| The Southeast is England’s
most populated and prosperous region. Despite the development there
is wide variety of rural and heritage attractions, together with
major coastal resorts. Interests range from the traditional seaside
spots of Brighton, Great Yarmouth and Southend-on-Sea
to historic cities like Cambridge, Colchester, Norwich
and St Albans. The charms of ‘Constable Country’,
along the Suffolk/Essex border, attract many visitors, as do the
more urban sites of Windsor and Dover,
with their mighty castles. |
The following tourist boards cover the ‘Home Counties’
of Bedfordshire, Berkshire, Buckinghamshire, Hertfordshire,
Kent, Surrey, East Sussex, and West Sussex,
and the East Anglian counties of Cambridgeshire, Essex,
Norfolk and Suffolk.
East England Tourist Board (telephone: (01892) 540 766; fax:
(01892) 511 008; email: email@example.com).
of England Tourist Board (telephone: (0870) 225 4800; fax: (0870)
225 4890; email:
Southern Tourist Board (telephone: (023) 8062 5400;
fax: (023) 8062 0010; email: firstname.lastname@example.org).
Is known as the ‘Garden of England’ for its production
of fruit, hops and garden produce, Kent is the southeasternmost
county in England. Canterbury is the visitor magnet,
retaining much of its Medieval charm. Canterbury Cathedral, where
Thomas à Becket was slain in 1170, is the headquarters of
the Anglican Church. Nearby, St Martin’s Church is one of
the oldest churches still in use.
At Dover, the main cross-channel port, the massive
Norman Dover Castle rises above the famous White Cliffs, while the
White Cliffs Experience offers a multimedia interpretation of the
town’s importance over the centuries. Rochester
is a charming town with strong Dickensian connections.
Tunbridge Wells, in the west, is an 18th-century
spa town. Highlights in the county include Hever Castle, childhood
home of Anne Boleyn, and Leeds Castle, considered to be the world’s
Surrey and East/West
London now swallows up much of Surrey, but towns like Guildford
still retain a historic charm. Attractions include Thorpe Park and
Chessington World of Adventure, both are theme parks.
In Sussex, Brighton is probably the most popular
and lively of the southeast resorts, made famous by the Prince Regent
(later George IV) who ordered the opulent Pavilion to be built here.
Eastbourne is a more restrained Victorian
resort town, while Hastings was the landing place for the Normans
in 1066, and nearby Battle stands by the field in which Harold I
Roman Chichester, west of
Sussex, is famed for its arts festival and the nearby Fishbourne
Palace – the remains of the largest Roman villa yet discovered
Essex and Hertfordshire
Colchester, county town of Essex, is Britain’s
oldest city, continuously settled since pre-Roman times. Norman
Colchester Castle was built on Roman foundations with the largest
keep of any such building.
The Essex coast runs from the fringes of London in the south, and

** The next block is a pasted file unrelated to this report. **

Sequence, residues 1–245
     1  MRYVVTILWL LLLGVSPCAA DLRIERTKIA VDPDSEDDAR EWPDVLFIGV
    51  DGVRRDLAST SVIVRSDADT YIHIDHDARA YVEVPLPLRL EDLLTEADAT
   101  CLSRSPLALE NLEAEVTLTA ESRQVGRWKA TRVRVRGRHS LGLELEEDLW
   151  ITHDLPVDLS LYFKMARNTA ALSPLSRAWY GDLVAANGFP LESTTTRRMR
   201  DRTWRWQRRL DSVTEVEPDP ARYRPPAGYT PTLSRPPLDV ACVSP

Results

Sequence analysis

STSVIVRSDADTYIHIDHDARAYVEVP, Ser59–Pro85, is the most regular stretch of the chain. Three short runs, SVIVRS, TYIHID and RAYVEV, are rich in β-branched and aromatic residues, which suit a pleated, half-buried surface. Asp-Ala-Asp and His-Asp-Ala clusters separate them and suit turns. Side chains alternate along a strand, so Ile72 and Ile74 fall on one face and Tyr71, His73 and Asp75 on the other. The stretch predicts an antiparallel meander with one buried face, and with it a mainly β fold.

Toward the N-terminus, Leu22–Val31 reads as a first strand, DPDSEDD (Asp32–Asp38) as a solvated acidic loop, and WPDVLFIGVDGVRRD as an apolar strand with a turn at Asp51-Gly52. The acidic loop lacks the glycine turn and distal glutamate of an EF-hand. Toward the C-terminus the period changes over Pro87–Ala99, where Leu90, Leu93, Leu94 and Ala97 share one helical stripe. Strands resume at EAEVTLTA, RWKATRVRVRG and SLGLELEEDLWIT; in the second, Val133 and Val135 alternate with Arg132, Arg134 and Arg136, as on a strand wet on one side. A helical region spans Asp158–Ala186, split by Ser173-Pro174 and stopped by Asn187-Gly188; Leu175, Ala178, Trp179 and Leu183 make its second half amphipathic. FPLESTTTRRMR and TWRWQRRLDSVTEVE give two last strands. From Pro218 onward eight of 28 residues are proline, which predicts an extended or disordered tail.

Southend-on-Sea has been the traditional resort for East Londoners.
Further to the north are the resorts of Clacton-on-Sea,
Frinton and Walton-on-the-Naze,
together with the port of Harwich.
Hertfordshire’s places of interest include the Roman city
of St Albans (Verulamiam). Part of the walls, foundations
of Roman houses and a temple remain, while the Verulamiam Museum
displays archaeological finds.
The jewel in Berkshire’s crown is Windsor,
whose castle is one of the Queen’s official residences and
is open to visitors. It has been a royal home for almost 900 years
since the time of William I. Guided tours of the town, bus tours
and river cruises are available.
Nearby is the 19 sq km or 7.3 sq miles Windsor Great Park.
Some 3km or 2 miles outside the town is Legoland, a family attraction.
Elsewhere in Berkshire, Slough is the main commercial
centre, while Maidenhead and Marlow
are riverside towns on the banks of the Thames.
The rolling Chiltern Hills of Buckinghamshire are within easy reach
of London, with pleasant countryside and quiet villages. At Amersham,
the Chiltern Open Air Museum boasts five centuries of local life.
Near Aylesbury, Waddesdon Manor is a Victorian
stately home. The ‘new town’ of Milton Keynes
is the county’s largest town, with a wide range of shopping
and leisure pursuits. Bedfordshire’s main visitor attraction
is Woburn Abbey, home of the Dukes of Bedford since
the mid-1550s, and surrounded by Britain’s largest Safari
Park. Close to Dunstable, animals are the main focus at Whipsnade
also the Top
Seven Destinations section.)
Outside the city of Cambridge, this county consists
of agricultural countryside, especially in the artificially drained
Fenlands of the north. Highlights include Ely,
with its Cathedral (known as ‘Ship of the Fens’). Cromwell’s
House, home of the late Lord Protector, is open to the public and
home to the Tourist Information Centre.
in the northwest, boasts a fine Cathedral, and the Nene Valley Railway.
Close to the Norfolk border is Wisbech, an inland
port and typical fenland village.
of East Anglia and county town of Norfolk, whose
central streets still follow the Medieval pattern. Norwich Cathedral
is one of England’s loveliest, while the Castle houses an
art gallery, museum and local history exhibitions. Norwich’s
open-air market is one of the biggest in the country.
Suffolk, to the south, is a quiet, typically ‘English’
countryside. The main town is Ipswich, and the
coast is lined with small resorts like Aldeburgh
(with its annual arts festival) and Southwold.